Recently I’ve used this phrase in some of my posts. I thought I might look at “finding your submissive self” through the lens of my own life.
I’m going back about eight years to a time before I was in a D/s life. I was in my real estate career, living a very vanilla life, dissatisfied and not sure what to do. I had been aware for some time that I was submissive, though naïve about it, but now I was beginning to think about it as more significant in me than I’d realized before.
I made a lot of mistakes in my early exploration of my submissive sexuality, but maybe this was something I did right: I dedicated time to assess my submissive feelings and inclinations — sort of a personal, submissive inventory. I really focused on it. That sounds so Tony Robbins, but for me it was less of a self-improvement technique than an inner exploration about strange desires I just needed to figure out.
Probably the most obvious thing to me then was my persistent longing to be obedient in an extreme way. I couldn’t make sense of that, but I knew it was there in me. “Obedience” to me wasn’t simply about being a follower, nor was it about being, say, a housewife in the old traditional sense, deferring passively to a husband. My longing was something else, deeper and more extreme. Of course back then my definition of “extreme” was more modest than I consider it now, but even then I had a clear sense that my longing required something beyond normal.
I remember being at parties with real estate colleagues, sitting and sipping cocktails. A particular man there, just by his presence, compelled certain submissive feelings in me. I remember having a longing to sit on the floor at his feet. In the social context there that would have been so inappropriate and odd, yet I wanted that, maybe precisely because it would have been a socially embarrassing demonstration of my obedience. I didn’t even know the man.
I realized as well that my submissiveness also involved the desire to be taken into experiences I never could or would take myself. At the time, I couldn’t specifically identify what those experiences were — I was too new to it all. But I had a palpable sense that I needed someone to command my being and push me into life events of doing and being that were otherwise beyond me.
At the time, I was also going through a kind of sexual awakening. I’ve written many times about how my sexual development was repressed in my early years, and so I was at twenty-seven just beginning to open up sexually to who I was. This led to a brief but serious relationship with a man and also a girl-crush on a colleague of mine, which led to my first sexual relationship with a woman.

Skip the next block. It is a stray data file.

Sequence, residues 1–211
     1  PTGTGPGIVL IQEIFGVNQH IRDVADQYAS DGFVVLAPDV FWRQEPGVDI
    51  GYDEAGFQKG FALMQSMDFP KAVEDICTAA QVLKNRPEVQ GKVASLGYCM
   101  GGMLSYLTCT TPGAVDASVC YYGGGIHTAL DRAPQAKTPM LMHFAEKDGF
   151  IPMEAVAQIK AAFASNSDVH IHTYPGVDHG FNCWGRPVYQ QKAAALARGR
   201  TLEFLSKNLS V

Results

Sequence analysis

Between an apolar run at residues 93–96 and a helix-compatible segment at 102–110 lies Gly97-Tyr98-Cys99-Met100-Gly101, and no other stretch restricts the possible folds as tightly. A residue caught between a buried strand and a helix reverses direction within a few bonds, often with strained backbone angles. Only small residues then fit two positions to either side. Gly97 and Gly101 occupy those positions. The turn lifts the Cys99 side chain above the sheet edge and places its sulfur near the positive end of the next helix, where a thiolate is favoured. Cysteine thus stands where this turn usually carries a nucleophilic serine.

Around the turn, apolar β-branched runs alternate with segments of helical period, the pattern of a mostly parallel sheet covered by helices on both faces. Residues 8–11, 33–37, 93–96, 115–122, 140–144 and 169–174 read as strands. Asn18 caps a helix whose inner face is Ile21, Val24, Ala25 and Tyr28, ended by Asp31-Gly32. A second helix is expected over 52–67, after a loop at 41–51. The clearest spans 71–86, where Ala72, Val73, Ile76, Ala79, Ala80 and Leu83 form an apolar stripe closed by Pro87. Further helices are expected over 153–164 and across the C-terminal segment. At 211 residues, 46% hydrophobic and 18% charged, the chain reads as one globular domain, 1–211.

But I was given advice from someone, I forget who, to imagine my submissiveness apart from my sexuality and any sexual experience. D/s, it was said to me, is not about sex, but about a radical abandonment of one’s self to another’s dominion. The point was that as I assessed my submissive self, would I still feel what I felt submissively if I took sexual attraction and sex itself out of the picture?
As I worked this through, my answer was yes. That desire to be “taken into experiences I never could or would take myself” was not primarily, to my mind, about sex. I could imagine sexual things, yes, but it was for me really about a different kind of relationship in which I was treated in a non-traditional way, taken into life experiences of submission and obedience — again, admittedly, vague and undefined. My submissiveness just had a craving sense these “other experiences” awaited me out there.
The further realization I came to was troubling to me. But it was strong and unavoidable. It was, simply, a strong wish for my own degradation.
What I didn’t know then, but believe now, is that this is possibly the core of submissive psychology. My submissive desire was to be humiliated and degraded. I didn’t feel this to be a kind masochism, a “hurt so good” desire. It was different. It was something I would likely protest and object to in reality, yet something I knew I somehow needed. Again it was ambiguous as to what and how (indeed, in my writing now, I’m still trying to figure this out), but it was a strong, driving submissive desire in me. Troubling but true.
There were other things too, other evidences, such as how dominance in persons across a crowded room would somehow melt me, and how I started to imagine myself in a kind of servitude to particular men or women. Traditional people’s fantasies look like a Hallmark movie, mine looked like “The Story of O.”
It took a long time. I was sorting out my life in a handful of different ways — my relationship with my mother and my father, my beliefs and faith, my bisexuality, my career and why it was disappointing… and now this, my submissive nature, which started to loom as a bigger reality in my life than any of the others.
My “submissive self-assessment inventory” took me about a year and a half. It was never so formal a project as that, but that’s kind of what it was. It yielded the self-revelations I share here, but slowly and often messily.
At a point, I started to accept my being submissive. And then becoming open to being extremely submissive. And then allowing myself to identify primarily as a submissive, taking on the label, allowing myself to be defined by it: “My name is Shae and I’m a submissive.”
There were still questions for me to figure out. Namely would my submissive identity need to be a full-time life? And then, how to find a dominant person who would take me places I couldn’t take myself.
But I came to this point when I was twenty-eight where I could say I found my submissive self. I knew this is what I was.